By  on February 14, 2012

Tory Burch will take her bow on the runway today, but will she ever ring the bell at the New York Stock Exchange?

There would be big bucks in an initial public offering for Burch and her investors. Michael Kors personally raised $117 million when his firm went public in December and the stock has jumped 68 percent to $33.61 so far, giving the growing company — which reports its results today — a market capitalization of $6.41 billion. That’s $860 million more than the market capitalization of PVH Corp., which owns Calvin Klein and Tommy Hilfiger and a host of other businesses.

Is Tory Burch in that league? There’s one way for her to find out — and no one is using the “TORY” ticker.

“We are very happy with the way the business is growing under the present private ownership structure,” Burch, who is her firm’s chief executive officer, told WWD. “As of now, we have no intention of an IPO.”

It’s that tease — the “As of now…” — and the company’s growth potential that has Wall Street so interested.

Still, an IPO is a doubled-edged sword. Public companies are under a microscope. They face a treadmill of quarterly updates to Wall Street and are pressured relentlessly to keep growing or to start paying out fat dividends. And when the primary brand eventually tops out, public fashion companies often start to take on other businesses to fuel growth, which can lead to ungainly portfolios of labels that only sometimes work together.

“You’re under an enormous amount of scrutiny as a public company and it’s very difficult to constantly please Wall Street when you’re trying to run a fashion business,” said Marc Federbush, partner in charge of the apparel and textile services group at the accounting firm Anchin, Block & Anchin. “It’s a fickle industry. You’re only as good as your last season. You can be out of fashion pretty quick and Wall Street doesn’t always understand that.”

Even so, the benefits can be pretty sweet.

“It’s very prestigious to say, ‘I am the ceo of a publicly trade company in the United States,” Federbush said. “If [a company has] in excess of $500 million or a billion of sales, then I see maybe there’s a reason, because that will open up some capital where they can fund growth overseas.”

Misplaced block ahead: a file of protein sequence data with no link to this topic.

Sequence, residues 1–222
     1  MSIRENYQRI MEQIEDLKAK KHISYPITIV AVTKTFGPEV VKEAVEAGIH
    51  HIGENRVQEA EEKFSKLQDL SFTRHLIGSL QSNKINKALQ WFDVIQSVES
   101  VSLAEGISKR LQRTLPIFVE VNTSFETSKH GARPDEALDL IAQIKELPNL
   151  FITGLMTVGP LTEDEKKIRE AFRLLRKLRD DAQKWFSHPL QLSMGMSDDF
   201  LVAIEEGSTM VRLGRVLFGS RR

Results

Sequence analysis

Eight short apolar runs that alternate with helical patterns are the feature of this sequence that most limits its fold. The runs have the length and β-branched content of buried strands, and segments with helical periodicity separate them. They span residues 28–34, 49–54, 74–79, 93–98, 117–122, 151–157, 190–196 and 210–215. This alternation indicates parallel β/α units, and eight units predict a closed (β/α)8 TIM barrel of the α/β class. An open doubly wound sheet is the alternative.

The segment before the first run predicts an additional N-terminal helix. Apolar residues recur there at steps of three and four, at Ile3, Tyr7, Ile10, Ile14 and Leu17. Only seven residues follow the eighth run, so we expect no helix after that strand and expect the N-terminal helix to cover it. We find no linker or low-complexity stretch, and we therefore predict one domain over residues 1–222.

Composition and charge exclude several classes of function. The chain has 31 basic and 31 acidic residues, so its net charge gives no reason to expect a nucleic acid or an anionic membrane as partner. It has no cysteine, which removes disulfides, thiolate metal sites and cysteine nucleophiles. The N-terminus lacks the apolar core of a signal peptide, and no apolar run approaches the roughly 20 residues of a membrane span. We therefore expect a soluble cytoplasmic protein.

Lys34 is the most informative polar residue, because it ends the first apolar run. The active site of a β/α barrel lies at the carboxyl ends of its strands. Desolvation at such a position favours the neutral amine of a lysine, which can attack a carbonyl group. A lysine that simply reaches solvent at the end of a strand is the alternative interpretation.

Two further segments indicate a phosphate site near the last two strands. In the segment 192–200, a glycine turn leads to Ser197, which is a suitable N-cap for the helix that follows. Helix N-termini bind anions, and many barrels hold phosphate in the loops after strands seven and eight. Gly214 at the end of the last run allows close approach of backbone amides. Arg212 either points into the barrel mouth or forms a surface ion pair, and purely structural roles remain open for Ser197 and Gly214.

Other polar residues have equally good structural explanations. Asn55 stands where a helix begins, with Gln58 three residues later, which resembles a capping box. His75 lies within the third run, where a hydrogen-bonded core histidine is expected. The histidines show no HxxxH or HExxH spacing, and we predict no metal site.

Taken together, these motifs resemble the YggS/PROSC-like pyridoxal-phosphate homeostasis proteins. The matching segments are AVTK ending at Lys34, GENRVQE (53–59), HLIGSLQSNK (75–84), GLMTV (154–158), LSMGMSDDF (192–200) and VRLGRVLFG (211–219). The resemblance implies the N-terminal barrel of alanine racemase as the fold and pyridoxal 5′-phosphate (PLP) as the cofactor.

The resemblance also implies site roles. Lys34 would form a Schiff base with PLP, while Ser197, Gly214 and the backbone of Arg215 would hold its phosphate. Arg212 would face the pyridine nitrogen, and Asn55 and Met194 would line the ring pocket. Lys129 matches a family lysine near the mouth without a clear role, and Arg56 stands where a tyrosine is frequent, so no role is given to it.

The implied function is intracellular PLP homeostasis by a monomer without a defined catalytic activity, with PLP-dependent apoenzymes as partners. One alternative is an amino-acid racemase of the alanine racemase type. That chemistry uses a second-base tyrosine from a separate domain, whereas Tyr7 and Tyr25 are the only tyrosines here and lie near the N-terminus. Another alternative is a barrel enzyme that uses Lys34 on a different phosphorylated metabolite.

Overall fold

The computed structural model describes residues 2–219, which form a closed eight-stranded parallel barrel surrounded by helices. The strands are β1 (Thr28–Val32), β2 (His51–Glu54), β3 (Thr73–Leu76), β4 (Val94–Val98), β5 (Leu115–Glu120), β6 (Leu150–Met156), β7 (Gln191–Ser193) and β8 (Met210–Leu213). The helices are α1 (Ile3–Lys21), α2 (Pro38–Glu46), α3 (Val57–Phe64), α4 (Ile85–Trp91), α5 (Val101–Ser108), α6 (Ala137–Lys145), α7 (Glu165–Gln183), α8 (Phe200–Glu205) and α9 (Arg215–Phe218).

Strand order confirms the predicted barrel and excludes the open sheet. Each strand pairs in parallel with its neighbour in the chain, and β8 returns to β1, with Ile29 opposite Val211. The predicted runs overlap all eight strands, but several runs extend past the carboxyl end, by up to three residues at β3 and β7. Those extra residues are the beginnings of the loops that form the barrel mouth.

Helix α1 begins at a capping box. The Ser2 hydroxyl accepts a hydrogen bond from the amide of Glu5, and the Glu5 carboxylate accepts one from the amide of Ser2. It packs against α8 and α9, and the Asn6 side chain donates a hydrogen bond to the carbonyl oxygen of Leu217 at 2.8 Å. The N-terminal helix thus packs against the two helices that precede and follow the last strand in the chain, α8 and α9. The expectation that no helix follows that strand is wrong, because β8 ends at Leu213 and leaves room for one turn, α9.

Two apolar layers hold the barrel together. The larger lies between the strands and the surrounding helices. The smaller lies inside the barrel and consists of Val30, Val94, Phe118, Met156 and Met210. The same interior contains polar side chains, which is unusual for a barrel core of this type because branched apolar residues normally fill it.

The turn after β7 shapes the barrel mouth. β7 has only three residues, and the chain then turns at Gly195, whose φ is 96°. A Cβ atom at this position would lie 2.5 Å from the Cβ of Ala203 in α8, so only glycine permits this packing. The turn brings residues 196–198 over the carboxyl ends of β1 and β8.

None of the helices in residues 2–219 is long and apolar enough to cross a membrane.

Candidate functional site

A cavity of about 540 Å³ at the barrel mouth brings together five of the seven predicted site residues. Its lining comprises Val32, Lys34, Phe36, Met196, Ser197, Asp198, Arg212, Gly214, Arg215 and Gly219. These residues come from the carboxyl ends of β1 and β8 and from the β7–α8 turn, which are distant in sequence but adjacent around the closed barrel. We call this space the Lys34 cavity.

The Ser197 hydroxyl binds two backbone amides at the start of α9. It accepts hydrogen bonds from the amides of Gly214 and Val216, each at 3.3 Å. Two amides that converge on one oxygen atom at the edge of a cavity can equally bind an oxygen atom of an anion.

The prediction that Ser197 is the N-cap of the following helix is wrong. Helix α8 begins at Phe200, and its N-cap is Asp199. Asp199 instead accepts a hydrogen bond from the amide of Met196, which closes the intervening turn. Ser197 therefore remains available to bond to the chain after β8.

Tory Burch is said to have sales in excess of $450 million and has 65 stores, including two outposts in Mainland China, a region that is a priority for the designer, who decided to take on the market without a partner. “It’s something I’m personally passionate about,” Burch said last year. “We don’t need immediate gratification. We want to do it organically…in an understated way.”

If the Chinese opportunity becomes too tempting or the company decides it wants to ramp up its business in the region quickly, it will have to spend some serious bucks to do so.

“If you really want to have a scalable business and have more than two stores in China, which is a market that can probably absorb a lot of Tory Burch, you need quite significant capital,” said Hana Ben-Shabat, a partner in A.T. Kearney’s retail practice. “In a brand like this, the future is really emerging markets. If she’s not happy with the current level of performance in her core market, it’s almost inevitable that she has to go to other markets. It’s difficult to drive high-single-digit or double-digit growth in the United States. It’s just not going to happen.”

Ben-Shabat said the company might also need to raise money if it wants to expand into other categories.

All that untapped potential for expansion has Wall Street salivating.

“It would be fantastic,” said Paul Lejuez, an equity analyst at Nomura Securities, of a Tory Burch IPO. “There’s a thirst in the market for growth stories right now and particularly in the accessories category, which seems to be performing very well. You look at a Kors, or even if you look at the performance of a Coach lately, it’s been just remarkable.”

Lejuez said the investment calculus for Tory Burch and Kors is similar and the window of opportunity for the firm to make an offering is wide open.

“It’s about growth,” he said. “It’s about being in the right categories, selling the right demographics and it’s about momentum. If Tory Burch has those three things, which I assume they do, the window’s open and I don’t see it closing.”

The glitz of fashion also doesn’t hurt. “It’s probably easier to tell a Michael Kors or a Tory Burch type story to Wall Street because they know the brand, because they shop the brand,” said Lejuez.

The value of Tory Burch the company was brought to the fore when Barclays Capital was hired to sell off the portion of the company still held by Chris Burch, the designer’s ex-husband who remains co-chairman of the firm.

On balance, though, Wall Street might need Tory more than Tory needs its money, at least for now.

“She can take enough off the table in salary and benefits,” said one industry source. “Her lifestyle is more than supported. I don’t think there’s pressure on her to take this company public. I don’t think Tresalia [the Mexican investment firm that owns a minority stake] really cares, but at some point the shareholders are going to want liquidity.”

There’s the pecking order to think of, too.

“There’s a competitive element of, ‘Hey, we’re better than Michael Kors,’” the source noted. “They’re right across the street from each other on Madison Avenue.”

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